The one high point in my mind, came during the Q&A session, this always seems to be the case at these things. Oddly enough though, this time it wasn’t a response to anyone’s question but a off handed remark by Wigley about city making and our collective unpreparedness as a society for the future. He mentioned how no recently proposed vision for a future city scenario by the architectural profession as a who illicit any spark of excitement or even a vague feeling of hope for the future of our urbanized areas. It is all re-warmed, rearranged concoctions of past theories and ideas. I tend to agree and so did Eisenman. In fact (and thankfully, instead of answering the final question from the audience) Eisenman took this side-note and turned it into the thrust of the conversation conclusion, although it had absolutely nothing to do with the rest of the topics discussed. I would have loved to hear more thoughts on this issue, maybe the whole discourse, but as Eisenman stated, he would never teach or lecture on the topic of future city building because he has no clue when it comes to this endeavor. I love when a person can admit complete ignorance. This was one thing that Eisenman spoke about, he said that after receiving an education one should be able to leave their institution of higher learning with full confidence that they know nothing. This is kinda deep and esoteric just like much of the rest off the conversation but I think it is applicable and worth sitting in front of an auditorium full of students and saying, and thus repeating here. Although it is somewhat off-putting that such an imminent voice in the field would write off trying to teach a course in future city building, he is a older fellow and maybe this is to be left to the next generation with their eyes full of hope and dreams. Eisenman then circled back and lamented the fact there are no “project” architects doing future cities.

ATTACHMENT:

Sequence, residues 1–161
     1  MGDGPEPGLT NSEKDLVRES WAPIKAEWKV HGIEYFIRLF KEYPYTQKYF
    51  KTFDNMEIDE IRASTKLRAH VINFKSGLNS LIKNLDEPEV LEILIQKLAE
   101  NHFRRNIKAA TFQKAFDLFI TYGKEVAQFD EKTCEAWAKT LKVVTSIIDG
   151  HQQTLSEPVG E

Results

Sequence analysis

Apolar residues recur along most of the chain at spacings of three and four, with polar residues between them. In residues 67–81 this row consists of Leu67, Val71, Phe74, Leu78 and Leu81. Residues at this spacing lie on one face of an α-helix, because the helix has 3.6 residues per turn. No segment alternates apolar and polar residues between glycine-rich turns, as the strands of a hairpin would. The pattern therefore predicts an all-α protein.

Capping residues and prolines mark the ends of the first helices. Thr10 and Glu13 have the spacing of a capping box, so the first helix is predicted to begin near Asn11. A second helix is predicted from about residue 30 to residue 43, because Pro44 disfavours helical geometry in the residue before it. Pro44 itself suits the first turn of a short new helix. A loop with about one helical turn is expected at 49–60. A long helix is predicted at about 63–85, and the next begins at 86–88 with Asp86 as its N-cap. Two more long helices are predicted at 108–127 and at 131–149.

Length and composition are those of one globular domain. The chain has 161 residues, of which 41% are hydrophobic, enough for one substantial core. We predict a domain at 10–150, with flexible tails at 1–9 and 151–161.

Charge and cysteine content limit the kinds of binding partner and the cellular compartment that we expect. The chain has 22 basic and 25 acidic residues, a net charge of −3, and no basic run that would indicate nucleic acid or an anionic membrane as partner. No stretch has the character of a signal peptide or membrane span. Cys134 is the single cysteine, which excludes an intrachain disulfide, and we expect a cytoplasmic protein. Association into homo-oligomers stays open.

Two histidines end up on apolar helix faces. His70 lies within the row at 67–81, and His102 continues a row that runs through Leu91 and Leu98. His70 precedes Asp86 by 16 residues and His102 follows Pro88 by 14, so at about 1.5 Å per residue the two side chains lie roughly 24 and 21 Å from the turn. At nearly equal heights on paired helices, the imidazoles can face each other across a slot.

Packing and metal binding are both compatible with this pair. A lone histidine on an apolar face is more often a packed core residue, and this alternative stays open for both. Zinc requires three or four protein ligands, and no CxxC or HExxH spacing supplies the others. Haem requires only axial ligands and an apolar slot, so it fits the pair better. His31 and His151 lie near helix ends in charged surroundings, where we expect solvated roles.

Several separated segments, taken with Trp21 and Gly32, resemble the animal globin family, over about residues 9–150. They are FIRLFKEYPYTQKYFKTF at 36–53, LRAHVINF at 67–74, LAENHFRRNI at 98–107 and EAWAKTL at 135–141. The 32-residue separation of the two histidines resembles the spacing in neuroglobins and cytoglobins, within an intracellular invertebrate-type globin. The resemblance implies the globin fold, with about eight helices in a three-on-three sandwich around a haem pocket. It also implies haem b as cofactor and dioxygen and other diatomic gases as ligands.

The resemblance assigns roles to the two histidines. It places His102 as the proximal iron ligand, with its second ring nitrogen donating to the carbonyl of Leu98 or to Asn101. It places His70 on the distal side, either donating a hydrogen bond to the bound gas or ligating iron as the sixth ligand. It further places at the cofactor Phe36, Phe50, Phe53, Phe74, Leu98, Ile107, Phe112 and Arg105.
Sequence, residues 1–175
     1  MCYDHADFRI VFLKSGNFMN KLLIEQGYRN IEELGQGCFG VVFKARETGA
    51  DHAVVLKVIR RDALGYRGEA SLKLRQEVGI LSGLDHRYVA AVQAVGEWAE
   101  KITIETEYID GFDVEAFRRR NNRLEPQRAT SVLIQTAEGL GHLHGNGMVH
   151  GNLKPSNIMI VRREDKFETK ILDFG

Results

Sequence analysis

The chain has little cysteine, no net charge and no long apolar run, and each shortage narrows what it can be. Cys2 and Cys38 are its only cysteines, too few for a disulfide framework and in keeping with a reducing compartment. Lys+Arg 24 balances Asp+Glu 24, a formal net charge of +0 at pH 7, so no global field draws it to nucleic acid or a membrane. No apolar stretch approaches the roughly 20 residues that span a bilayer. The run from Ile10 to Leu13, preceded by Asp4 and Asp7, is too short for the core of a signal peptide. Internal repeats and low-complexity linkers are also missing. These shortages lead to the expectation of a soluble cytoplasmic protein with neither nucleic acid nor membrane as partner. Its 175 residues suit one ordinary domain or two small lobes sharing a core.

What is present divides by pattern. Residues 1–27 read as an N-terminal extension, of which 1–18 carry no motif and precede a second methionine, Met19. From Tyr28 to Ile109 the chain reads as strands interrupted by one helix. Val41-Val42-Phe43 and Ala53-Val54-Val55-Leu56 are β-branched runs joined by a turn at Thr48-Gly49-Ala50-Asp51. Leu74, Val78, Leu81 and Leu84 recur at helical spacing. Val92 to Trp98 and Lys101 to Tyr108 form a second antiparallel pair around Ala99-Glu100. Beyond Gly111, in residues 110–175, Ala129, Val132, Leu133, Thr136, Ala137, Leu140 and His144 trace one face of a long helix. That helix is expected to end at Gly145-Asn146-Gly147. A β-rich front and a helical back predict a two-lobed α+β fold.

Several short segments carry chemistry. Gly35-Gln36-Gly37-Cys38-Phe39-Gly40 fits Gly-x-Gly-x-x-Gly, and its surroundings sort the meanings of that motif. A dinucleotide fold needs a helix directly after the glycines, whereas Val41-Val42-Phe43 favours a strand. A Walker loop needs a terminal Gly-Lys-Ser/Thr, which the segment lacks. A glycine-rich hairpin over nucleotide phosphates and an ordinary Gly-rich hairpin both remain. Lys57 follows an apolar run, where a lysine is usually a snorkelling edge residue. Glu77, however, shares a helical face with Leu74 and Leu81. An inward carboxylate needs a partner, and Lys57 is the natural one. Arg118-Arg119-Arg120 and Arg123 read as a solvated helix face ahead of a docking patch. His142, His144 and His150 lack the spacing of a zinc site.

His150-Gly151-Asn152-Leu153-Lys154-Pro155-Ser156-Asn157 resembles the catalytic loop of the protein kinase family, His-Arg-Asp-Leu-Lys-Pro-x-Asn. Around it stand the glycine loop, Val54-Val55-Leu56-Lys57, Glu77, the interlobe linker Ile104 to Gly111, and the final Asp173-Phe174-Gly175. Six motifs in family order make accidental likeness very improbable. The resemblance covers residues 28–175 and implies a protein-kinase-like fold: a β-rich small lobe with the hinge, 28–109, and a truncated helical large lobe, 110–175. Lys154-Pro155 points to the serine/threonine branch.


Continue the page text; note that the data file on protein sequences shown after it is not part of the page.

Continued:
I don’t really think this is what Eisenman was saying, but what I heard in my ear was this. Neither the project or practice of architecture has fully evolved to encompass the entire city as it must be re-imagined for the 21st century. While Wigley emphasized the point that humanity is at a critical point in history with his antidote about how Columbia University was founded during a time of rapid urbanization in New York and at that time made a conscious (and obvious) decision to nurture “project” architects within it’s halls of academia, we are again at a point of rapid urbanization, this time on a global scale, and we urgently need the next big idea, we need to push and prod and encourage our project architect thinkers to devise the solutions at which time the practice architects will fall, lockstep, in line.
I really do lament the fact that the speakers lingered, debated, refined and never really defined or agreed upon what “project” and “practice” means for so long. Future city building is orders of magnitude more interesting and important. I have lots of my own thoughts on the topic of future city building but in order to organize and present them here would take at least until dawn if not the next five to seven years so I’ll just say this. I think it is important that future city building is an inclusive, inter-profession spanning endeavor that is not hijacked by another utopian scheme dreamed up by some ethic-less (by definition apparently) “project” architect. After all we are where we are now because of past “project” architects big ideas. I would love to elaborate on this, and surely will in the future, but I’m sure I’ve already said too much and, if I have any architect readers, I’m probably about to be put in the hot seat as it is. So I’ll leave it at that…